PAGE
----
When trying to communicate with the people who populate my everyday life, I am accustomed to feigning interest in sporting events/players/scores to avoid marking myself as a pariah.
But lately it's been coming at me from the other direction: As often as I pretended to know who was playing in the NBA finals last week, I also found myself bluffing a working knowledge of "Game of Thrones."
Some people care about sports. The rest are watching "Game of Thrones." (The Renaissance men and women find ways to connect with both — a phenomenon scientists and sociologists have referred to as "having a cable subscription.")
Then, outside of that Venn diagram, on another sheet of paper altogether, is where I exist: the guy who watches neither sporting events nor "Game of Thrones" ... but somehow found time to sit through "The Bachelorette" season premiere 1.75 times last week. (I did not, for the record, seek it out: ABC aired it twice. Not that that is any excuse.)
This reality is made more pathetic by the fact that I don't even like "The Bachelorette." I find it inferior to its predecessor, "The Bachelor" (an opinion my lawyer advised me not to share with anyone, living or dead).
Much to the detriment of my untarnished record of masculinity, ABC has branded its Monday night lineup featuring "The Bachelorette" as Man Candy Monday. (What flavor is a Man Candy jellybean: Slim Jims and back sweat?)
Currently, Man Candy Monday is the only night of television programming (outside of the Nobody Loves You Friday night lineup of "Shark Tank" and my reflection crying in the mirror) that I have an appointment to watch now that "Nashville" has ended.
But perhaps I have said too much.
I understand that I should be watching "Game of Thrones" because it's like "Lord of the Rings" with naked peeps and R-rated levels of violence (the sport games definitely cannot compete with that), but I just can't find the time/energy/bit torrent to get into it.
In addition, naked peeps and R-rated levels of violence aren't particularly family friendly — or at least, not the type of family I'm trying to provide for my daughter — so that means I only have a limited window of time during which to watch it. Specifically, the three hours after my daughter goes to sleep before my body shuts down.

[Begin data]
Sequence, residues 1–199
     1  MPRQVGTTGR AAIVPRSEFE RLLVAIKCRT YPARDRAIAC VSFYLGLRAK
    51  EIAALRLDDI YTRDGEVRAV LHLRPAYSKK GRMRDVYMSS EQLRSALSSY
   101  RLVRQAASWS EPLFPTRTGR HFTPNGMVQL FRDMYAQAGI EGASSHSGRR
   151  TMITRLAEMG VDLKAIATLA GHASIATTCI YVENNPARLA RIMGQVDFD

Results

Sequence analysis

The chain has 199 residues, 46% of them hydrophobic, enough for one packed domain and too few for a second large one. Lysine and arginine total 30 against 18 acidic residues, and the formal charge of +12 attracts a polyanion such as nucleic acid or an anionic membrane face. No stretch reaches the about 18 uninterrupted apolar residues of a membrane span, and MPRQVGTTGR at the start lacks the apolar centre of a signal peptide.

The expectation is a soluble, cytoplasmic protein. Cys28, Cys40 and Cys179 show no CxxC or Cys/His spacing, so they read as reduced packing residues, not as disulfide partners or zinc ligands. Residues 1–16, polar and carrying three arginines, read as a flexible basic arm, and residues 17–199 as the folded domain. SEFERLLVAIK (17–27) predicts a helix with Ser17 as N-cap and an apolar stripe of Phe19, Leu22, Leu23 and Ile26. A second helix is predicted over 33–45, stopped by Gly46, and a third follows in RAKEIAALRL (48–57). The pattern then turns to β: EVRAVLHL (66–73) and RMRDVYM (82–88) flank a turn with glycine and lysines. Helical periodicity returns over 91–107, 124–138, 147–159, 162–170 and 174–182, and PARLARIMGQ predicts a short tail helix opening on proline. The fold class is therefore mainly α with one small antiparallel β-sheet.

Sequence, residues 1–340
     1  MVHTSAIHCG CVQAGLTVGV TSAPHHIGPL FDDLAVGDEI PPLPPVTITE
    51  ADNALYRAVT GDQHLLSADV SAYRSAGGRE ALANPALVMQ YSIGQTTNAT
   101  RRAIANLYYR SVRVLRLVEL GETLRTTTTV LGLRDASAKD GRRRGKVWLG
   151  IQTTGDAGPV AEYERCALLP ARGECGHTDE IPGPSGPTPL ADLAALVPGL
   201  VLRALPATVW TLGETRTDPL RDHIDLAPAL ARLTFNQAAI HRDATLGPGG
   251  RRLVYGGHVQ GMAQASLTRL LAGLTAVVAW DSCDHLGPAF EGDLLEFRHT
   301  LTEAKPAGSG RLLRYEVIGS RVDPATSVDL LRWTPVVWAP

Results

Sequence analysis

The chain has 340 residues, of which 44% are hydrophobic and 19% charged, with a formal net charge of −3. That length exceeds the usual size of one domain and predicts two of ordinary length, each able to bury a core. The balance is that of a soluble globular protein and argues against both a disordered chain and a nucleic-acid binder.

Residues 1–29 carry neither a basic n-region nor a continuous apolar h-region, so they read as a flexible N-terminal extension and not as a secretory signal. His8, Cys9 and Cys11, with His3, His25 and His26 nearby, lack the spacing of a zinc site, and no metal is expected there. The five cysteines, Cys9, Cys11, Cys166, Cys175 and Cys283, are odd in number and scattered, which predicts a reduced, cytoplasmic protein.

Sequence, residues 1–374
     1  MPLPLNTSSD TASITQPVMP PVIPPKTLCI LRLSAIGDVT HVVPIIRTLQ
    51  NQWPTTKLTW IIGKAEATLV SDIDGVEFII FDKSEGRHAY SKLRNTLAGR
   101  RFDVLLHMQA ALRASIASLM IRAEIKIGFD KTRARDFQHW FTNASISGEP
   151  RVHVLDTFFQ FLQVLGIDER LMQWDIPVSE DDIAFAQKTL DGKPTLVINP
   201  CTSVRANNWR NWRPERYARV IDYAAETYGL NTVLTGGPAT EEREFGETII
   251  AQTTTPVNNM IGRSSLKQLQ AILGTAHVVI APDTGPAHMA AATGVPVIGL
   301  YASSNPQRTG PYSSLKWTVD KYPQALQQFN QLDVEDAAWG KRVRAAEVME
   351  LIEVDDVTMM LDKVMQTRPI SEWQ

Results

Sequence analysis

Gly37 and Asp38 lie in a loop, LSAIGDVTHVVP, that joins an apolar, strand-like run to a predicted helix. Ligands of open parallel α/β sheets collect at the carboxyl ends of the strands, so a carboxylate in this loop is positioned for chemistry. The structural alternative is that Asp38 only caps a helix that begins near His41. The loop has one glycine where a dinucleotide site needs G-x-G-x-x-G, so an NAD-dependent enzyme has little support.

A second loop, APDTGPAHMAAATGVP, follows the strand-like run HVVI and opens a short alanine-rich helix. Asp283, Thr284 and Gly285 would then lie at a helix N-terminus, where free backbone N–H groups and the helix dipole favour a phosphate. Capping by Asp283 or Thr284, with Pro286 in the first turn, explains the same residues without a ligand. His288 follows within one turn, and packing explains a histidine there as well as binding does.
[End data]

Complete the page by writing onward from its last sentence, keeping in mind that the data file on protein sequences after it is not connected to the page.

But those three hours are already jam-packed with essential activities. Those are the hours I have to read the internets, eat the ice cream and say the curse words for the day.
Television, at this point, has become too big of a commitment. I'm already married, so there's no chance I'm going to carve 12 hours out of my life to walk down the aisle with the Netflix original series "House of Cards." Even though it looks really attractive and everybody says we'd be great together.
The irony is obvious. Television is easier for me to watch now than it has been at any point during my lifetime. I am old enough to remember life before DVR: back when you had to program that other acronym, the VCR, to record a specific channel at a specific time, and god help you if it was preempted by a presidential address or extra innings of a baseball game.
You really had to want to see your television show back then because it required you to read a bunch of stuff first — not only the VCR manual, but also the TV Guide.
These days, I can watch TV on my TV, TV on my computer, TV on my reading tablet, TV on my cellphone. I can, and have, watched television in my bathroom — thus fulfilling a lifelong dream I thought would only be achieved through a "King Ralph"-style inheritance of untold riches. But even though watching "The X-Files" on the commode has been a dream of mine since I was a child, I don't find myself doing it very often.
One reason is that I discovered the toilet was not built for enduring long-form entertainment, after an extended sit-in caused the seat to suction itself to my rear end and rip from the base as I stood up.
The magazine was invented in conjunction with the toilet and was originally designed to provide entertainment and sanitation functions. A magazine article is the right size, both literally and figuratively, to get the job done.
I have also found that when I'm in a place where there's no computer blinking or TV flashing its millions of pretty, hypnotic colors, I just like to sit and blankly stare at stuff, like bathroom tiles and tree stumps and the recycling bin.
With all of the flashing lights competing for my attention 24/7, the old eyeballs get overworked. Sometimes they just want to chill out for a minute, and kick back by the saliva that pools on my lower lip.
Ryan Jackson has found its best to seem enthusiastic and vague when talking about sports teams you do not know, and he can be reached at email@example.com.